Microparra capensis (Lesser
Dwerglangtoon [Afrikaans]; Nkongoro gwakambatu
[Kwangali]; Dwergjacana [Dutch]; Jacana nain [French]; Zwergblatthühnchen
[German]; Jacana-pequena [Portuguese]
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vertebrates) > Teleostomi (teleost fish) > Osteichthyes (bony fish) > Class:
fish) > Stegocephalia (terrestrial
vertebrates) > Tetrapoda
(four-legged vertebrates) > Reptiliomorpha > Amniota >
Reptilia (reptiles) >
Romeriida > Diapsida > Archosauromorpha > Archosauria >
(dinosaurs) > Saurischia > Theropoda (bipedal predatory dinosaurs) >
Coelurosauria > Maniraptora > Aves
(birds) > Order: Charadriiformes
> Family: Jacanidae
|Lesser jacana. [photo
Trevor Hardaker ©]
||Lesser jacana. [photo Peter Steyn ©]
Distribution and habitat
Occurs discontinuously in sub-Saharan Africa, including
patches of the area from Senegal to Ethiopia, however it is especially
widespread from Uganda, Tanzania, Zambia and Angola to southern Africa. Within
southern Africa it
is uncommon to locally common in eastern KwaZulu-Natal, small parts of
Mozambique and Zimbabwe, while it is most common in northern Botswana and the
Caprivi Strip (Namibia). It generally prefers shallow, freshwater wetlands and
backwaters of lakes and dams, especially with emergent grasses (such as
Leersia and Hemarthria), sedges (including Rhynchosporia,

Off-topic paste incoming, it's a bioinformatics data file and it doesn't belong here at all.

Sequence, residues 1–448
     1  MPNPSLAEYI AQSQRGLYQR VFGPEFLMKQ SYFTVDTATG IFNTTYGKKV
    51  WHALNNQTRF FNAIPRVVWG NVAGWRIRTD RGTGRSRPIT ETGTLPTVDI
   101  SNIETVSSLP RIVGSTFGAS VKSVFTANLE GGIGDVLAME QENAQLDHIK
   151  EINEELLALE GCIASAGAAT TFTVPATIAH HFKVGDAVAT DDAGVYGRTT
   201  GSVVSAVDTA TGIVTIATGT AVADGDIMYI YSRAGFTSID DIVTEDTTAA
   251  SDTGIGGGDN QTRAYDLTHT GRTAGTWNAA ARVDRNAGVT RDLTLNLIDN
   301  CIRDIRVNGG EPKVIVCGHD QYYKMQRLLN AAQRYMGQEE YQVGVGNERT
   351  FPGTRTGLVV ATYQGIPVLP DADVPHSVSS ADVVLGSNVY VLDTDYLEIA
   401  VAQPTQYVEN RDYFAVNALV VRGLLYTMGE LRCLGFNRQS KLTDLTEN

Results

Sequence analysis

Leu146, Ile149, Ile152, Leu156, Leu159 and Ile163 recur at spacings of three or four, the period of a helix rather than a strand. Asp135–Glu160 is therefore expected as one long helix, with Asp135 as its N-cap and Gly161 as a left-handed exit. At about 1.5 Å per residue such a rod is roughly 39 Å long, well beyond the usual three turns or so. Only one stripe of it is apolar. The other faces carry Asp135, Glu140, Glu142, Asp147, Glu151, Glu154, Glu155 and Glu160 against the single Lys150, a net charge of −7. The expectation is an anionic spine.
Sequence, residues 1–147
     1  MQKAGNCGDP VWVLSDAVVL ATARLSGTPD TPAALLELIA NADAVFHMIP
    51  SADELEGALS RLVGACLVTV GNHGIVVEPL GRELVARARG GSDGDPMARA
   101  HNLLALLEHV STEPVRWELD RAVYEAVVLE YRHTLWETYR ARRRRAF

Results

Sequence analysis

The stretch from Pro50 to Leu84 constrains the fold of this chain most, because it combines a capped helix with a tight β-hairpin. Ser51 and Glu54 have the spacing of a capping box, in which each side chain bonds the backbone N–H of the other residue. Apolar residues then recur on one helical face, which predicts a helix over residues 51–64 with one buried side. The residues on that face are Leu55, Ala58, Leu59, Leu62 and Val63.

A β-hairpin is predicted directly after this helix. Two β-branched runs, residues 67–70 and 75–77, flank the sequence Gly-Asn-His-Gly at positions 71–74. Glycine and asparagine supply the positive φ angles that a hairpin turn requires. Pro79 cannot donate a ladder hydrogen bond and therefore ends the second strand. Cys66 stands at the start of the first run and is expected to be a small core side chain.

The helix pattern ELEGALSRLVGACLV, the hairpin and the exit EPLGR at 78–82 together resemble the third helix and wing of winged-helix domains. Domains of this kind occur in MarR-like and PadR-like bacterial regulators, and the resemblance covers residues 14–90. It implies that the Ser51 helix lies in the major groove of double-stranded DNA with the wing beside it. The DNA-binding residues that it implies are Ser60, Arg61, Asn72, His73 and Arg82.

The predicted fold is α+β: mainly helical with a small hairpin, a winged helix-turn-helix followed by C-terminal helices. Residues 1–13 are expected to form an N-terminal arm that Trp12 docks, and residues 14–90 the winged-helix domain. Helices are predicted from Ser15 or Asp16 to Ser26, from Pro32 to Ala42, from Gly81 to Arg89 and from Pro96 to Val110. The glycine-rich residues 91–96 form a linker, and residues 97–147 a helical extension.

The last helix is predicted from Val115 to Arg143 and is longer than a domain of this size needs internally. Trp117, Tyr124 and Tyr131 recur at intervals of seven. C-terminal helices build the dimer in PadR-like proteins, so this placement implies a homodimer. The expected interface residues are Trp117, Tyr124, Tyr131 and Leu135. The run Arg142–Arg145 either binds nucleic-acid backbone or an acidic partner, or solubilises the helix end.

Eliocharis, Cyperus and Juncus) and water-lilies (mainly
Nymphaea and Nymphoides).
Distribution of Lesser jacana in southern Africa,
based on statistical smoothing of the records from first SA Bird Atlas
Animal Demography unit, University of
Cape Town; smoothing by Birgit Erni and Francesca Little). Colours range
from dark blue (most common) through to yellow (least common).
See here for the latest distribution
from the SABAP2.
Movements and migrations
Highly nomadic, moving in search of fresh
It mainly eats insects, doing most of its foraging by
walking on floating plants, plucking prey from the vegetation.
- Monogamous, solitary nester; the male builds several simple display
platforms, giving a hooting call in order to attract females.
- The nest is built by both sexes, consisting of a tiny floating stack of
plant stems, typically placed alongside a grass or sedge tuft. If it is
flooded both adults work tirelessly to build a new platform to move the eggs
- Egg-laying season is from February-November, peaking from March-April.
- It lays 2-5 eggs, which are incubated by both sexes for approximately 21
- The chicks remain within two metres of the nest for the first three days
of their lives, ranging up to 150 metres away by the time they reach 17 days
of age. When threatened they dive underwater, with just the bill tip
protruding so that they can breathe. The parents intermittently brood them
for the first month or so of their lives by holding them between wing and
body. They typically take their first flight at roughly 32 days old and can
fly well a week later, becoming fully independent at approximately 63 days
Not-threatened globally, but Near-threatened in
South Africa, due its small population and decreasing range in the country.
Hockey PAR, Dean WRJ and Ryan PG 2005. Roberts
- Birds of southern Africa, VIIth ed. The Trustees of the John Voelcker
Bird Book Fund, Cape Town.